Another message that was shared was that ‘the defining quality we have as a human is to fight for our territory and our patch’ which is common language in the world or work but if this is the message that our female leaders are giving out, how can we ever expect to compliment rather than compete with one another?
What I found most exciting about the discussion was that the women who were there in careers supporting other women really shone, both on the panel and in my private conversations. They shone as women who have a purpose and who have found balance in their lives doing what they love doing and also having fantastic relationships with their families.
Another highlight was when Jules shared a lovely story about a leadership survey completed amongst the most senior Ambassadors in the UK Public Sector who when asked what advice they would give their younger selves said ‘its not worth it’. What they meant by this was, enjoy the journey of your career rather than focusing all your energy on getting to the top because when you get there you will wish you gave yourself more time to enjoy the different phases. Maybe if we listen to this advice we won’t feel the need to compete with each other so much.
Specifically I loved listening to Brita because she is one of the most authentic human beings I have ever met and she spends her time empowering and inspiring women in countries of conflict. Women who absolutely need the support of other women because we are the only ones who can begin to understand what they have been through.
I have been working with Brita for about 6-months now in her role as a Global Change Ambassador focused on our Global Goal of Empowering Everyone and it is through this that we have been inspired to create a version of our Shine Programme that we hope to deliver for women in countries of conflict.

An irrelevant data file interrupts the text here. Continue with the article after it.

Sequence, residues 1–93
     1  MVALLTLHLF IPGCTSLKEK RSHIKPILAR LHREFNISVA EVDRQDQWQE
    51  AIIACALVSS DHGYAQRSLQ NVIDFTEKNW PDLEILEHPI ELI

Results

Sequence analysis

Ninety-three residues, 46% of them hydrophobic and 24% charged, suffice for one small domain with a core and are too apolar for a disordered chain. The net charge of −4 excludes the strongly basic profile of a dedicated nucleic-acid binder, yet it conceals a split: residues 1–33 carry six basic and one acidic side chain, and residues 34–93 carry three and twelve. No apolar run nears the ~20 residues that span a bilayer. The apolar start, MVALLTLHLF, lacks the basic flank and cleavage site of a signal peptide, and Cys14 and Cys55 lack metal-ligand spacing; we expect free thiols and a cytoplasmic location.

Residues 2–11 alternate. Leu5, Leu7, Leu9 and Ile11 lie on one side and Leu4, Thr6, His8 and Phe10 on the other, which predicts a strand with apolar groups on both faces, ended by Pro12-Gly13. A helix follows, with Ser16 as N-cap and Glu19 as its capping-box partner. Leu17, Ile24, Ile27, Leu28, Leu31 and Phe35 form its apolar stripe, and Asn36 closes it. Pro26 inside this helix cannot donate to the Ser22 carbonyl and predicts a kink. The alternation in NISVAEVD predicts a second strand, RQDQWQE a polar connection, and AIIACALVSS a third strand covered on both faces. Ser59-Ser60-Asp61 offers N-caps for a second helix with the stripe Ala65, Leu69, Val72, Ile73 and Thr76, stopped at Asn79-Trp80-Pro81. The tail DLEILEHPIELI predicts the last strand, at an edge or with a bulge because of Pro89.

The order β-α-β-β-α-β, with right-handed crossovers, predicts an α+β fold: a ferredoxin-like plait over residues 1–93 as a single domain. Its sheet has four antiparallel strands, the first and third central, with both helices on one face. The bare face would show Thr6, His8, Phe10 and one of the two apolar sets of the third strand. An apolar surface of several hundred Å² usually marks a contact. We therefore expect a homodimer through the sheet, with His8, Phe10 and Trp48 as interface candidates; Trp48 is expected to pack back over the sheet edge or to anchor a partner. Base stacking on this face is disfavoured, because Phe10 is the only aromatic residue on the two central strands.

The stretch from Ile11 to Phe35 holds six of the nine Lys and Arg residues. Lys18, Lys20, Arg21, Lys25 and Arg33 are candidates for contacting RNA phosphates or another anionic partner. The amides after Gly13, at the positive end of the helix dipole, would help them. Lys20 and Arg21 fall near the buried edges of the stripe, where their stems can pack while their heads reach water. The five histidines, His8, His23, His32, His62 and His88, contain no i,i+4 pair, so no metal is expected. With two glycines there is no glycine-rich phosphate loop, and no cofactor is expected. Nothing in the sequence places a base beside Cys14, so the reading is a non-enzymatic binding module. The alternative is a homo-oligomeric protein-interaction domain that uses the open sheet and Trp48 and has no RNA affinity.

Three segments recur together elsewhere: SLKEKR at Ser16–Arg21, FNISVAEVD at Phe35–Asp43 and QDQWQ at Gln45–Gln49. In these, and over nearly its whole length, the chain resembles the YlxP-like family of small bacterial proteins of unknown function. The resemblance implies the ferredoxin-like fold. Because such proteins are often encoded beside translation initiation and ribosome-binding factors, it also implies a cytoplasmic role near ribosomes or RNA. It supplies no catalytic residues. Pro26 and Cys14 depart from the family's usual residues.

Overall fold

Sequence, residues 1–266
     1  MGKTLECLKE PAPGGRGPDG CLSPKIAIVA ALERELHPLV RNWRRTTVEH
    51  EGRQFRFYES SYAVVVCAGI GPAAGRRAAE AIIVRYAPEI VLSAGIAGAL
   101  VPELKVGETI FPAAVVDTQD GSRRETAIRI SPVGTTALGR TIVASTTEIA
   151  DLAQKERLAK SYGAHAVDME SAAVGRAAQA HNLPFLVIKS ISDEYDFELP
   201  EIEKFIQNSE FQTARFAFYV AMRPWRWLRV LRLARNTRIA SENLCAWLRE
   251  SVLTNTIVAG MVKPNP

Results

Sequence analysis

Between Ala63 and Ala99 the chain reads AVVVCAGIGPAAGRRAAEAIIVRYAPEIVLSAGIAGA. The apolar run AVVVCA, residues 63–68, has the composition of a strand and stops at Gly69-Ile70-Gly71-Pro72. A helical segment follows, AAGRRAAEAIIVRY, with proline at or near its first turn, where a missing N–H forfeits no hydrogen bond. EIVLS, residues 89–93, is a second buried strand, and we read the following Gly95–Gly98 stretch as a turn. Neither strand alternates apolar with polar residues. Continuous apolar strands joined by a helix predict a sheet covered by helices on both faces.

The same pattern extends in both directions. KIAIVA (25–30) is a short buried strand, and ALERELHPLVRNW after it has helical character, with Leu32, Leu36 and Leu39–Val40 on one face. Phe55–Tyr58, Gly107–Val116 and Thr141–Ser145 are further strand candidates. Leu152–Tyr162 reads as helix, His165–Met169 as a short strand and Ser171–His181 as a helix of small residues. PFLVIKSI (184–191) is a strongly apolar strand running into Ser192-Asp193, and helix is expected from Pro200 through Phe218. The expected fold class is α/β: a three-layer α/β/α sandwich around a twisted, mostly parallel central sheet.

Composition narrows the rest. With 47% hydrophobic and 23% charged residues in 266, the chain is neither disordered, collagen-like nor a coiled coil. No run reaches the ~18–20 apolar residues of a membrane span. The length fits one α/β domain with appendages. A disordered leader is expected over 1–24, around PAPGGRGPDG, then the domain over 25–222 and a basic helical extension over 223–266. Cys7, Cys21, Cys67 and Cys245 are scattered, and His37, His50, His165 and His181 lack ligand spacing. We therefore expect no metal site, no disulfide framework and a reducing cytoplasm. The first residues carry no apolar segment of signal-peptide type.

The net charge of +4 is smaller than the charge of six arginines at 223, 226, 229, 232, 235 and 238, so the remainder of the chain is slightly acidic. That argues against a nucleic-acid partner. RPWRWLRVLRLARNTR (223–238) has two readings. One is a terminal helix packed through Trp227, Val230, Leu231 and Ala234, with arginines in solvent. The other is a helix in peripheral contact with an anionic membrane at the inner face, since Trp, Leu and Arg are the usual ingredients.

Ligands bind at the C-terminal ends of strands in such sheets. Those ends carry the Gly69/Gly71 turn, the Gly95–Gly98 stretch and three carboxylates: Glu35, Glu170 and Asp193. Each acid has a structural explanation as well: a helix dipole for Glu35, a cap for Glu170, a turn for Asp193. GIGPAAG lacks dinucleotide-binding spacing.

The brand Women for Women says it all, in seeking empowerment we need to support each other. This is my passion. To create cultures and communities of collaboration, mutual respect and support. Regardless of gender and regardless of lifestyle.
I also love that Quintessentially are hosting these events and inviting women to share their stories. Starting a dialogue between women can be, from my experience, a powerful way to ignite change.
So what can I add to this important conversation? I can tell you that confidence comes with knowing your skills, being authentic and creating a non judgmental eco-system to exist in. The ability to communicate effectively as a human comes when you have something to say that adds valued and you have created an eco-system that you are valued. My top tip for career advancement is to quote Joseph Campbell and to say ‘follow your bliss — find what you love doing and are passionate about and do more of it’.
I would like to add from a personal perspective that this is exactly what I decided to do a few years ago when I realised that what I love doing is unlocking the potential in people and I have never been this happy or healthy. That is my measure of success. I look forward to the next event and finding further ways to combat the pre-conceptions about bringing together the masculine and feminine.